In the years since my miscarriage, there’s been this cute little trend by American (Republican) (male) politicians: they want to make miscarriage a crime.
Really, what they want is to make abortion a crime – a debate which I’m not even going to get into – but they’re so delusional that they think, if abortion were criminalized, women would have abortions and then claim we’d had miscarriages. So now they want us to prove that our miscarriages happened naturally, that there was no “human intervention” in the deaths of our zygotes or embryos or fetuses, and if we can’t, we will be considered criminals.
Let me pause to say that thankfully, because there are still more sane people in the American government than there are supporters of these bozos, none of these proposed bills have made it very far.
But in the latest incarnation of this idiocy, Georgia Republican Bobby Franklin not only wants to make abortion and miscarriage into crimes, he wants to make them into crimes punishable by the death penalty.
So under this law, a woman who’s just had a miscarriage would have to – I’m speculating – collect samples, get doctors notes, have printed ultrasound photos of her blighted ovum or dead fetus. She would then have to present this dossier to a review board, or better yet, go argue her case in a court. The article says it best when it summarizes, “Prove you didn’t murder your baby, or we might have to kill you. That’s the ‘pro-life’ way.”
Does this guy honestly think that a woman who’s suffered a miscarriage – or even a woman who’s actually chosen abortion, which I’m sure comes with some terrible and conflicted feelings of its own – is in any position to defend herself in a court setting? In a debate over this bill on a friend’s facebook page (because yes, apparently I have a friend who has a friend who thinks killing women is a good idea), I made the point that, in the weeks and months following my miscarriage, there were days when I would rather have died than continued living with the grief, the trauma, and the panic attacks.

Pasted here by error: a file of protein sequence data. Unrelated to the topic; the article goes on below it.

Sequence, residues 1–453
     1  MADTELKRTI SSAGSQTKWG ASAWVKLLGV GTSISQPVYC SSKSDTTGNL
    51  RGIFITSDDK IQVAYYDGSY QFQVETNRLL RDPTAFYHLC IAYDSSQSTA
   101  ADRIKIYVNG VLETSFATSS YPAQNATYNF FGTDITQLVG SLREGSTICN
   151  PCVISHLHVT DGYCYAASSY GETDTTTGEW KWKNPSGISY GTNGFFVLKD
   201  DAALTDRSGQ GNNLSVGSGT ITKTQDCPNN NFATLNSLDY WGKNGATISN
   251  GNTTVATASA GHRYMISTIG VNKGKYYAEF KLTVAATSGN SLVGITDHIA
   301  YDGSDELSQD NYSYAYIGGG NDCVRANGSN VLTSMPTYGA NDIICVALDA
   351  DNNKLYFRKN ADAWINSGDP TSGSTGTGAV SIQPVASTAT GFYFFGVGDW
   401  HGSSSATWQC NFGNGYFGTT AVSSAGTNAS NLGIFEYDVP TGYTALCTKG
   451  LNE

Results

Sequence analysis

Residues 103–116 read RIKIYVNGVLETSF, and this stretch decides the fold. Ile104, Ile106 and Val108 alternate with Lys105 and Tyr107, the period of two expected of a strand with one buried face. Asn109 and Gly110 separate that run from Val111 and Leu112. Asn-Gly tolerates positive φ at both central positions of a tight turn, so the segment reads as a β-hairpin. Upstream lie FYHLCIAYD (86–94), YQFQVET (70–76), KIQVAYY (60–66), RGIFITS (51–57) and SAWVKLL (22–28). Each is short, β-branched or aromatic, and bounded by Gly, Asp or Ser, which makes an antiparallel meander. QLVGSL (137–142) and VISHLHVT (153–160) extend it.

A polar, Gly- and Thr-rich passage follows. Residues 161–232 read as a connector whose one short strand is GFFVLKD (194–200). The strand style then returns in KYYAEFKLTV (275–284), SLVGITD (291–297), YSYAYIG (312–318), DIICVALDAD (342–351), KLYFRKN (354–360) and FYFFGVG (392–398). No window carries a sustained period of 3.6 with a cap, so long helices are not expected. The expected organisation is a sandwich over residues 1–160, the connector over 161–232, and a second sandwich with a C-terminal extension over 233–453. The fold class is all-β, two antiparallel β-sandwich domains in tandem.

Not that I think hoardes of spontaneous aborters would be flocking to Georgia for assisted suicide if this thing did pass, but obviously, we are in no emotional state to take on the added stress of facing legal action. The very proposition of such a bill is fucking insane, downright outraging, and yeah, a little laughable.
In other news, my mother, who has been adamently not reading my blog ever since its start date coincided with a vacation she was taking with her mother, to a place with no internet, told me last night that she’s giving up “not reading my blog” for Lent. She wrote me a beautiful, zillion-page letter about her feelings after having read the first few weeks of entries, and I am only a little apprehensive about what she’ll find and how she’ll feel going forward. She’s my mom, and I love her, but no relationship is perfect, and there have been moments where – because she wasn’t reading, though I always figured that one day she would – I’ve felt safe (lovingly, respectfully) talking shit about her in here. I went back last night and reread the most direct example, a letter I wrote her out of love and frustration, and I decided I am still prepared to own those feelings.
(It’s still a little scary.)
I started stitching as a favor –
cutting out parts that said too much,
or somehow not enough,
and mending up the holes.
I swore I’d never do this,
but you asked, and I cared.
And now my ring finger is heavy,
click-click-click-click, and still I sew.
The missing pieces aren’t lost to us,
but it’s not the pieces that I miss,
and I’ve caused death by my tight lacing.
(April 8, 2002)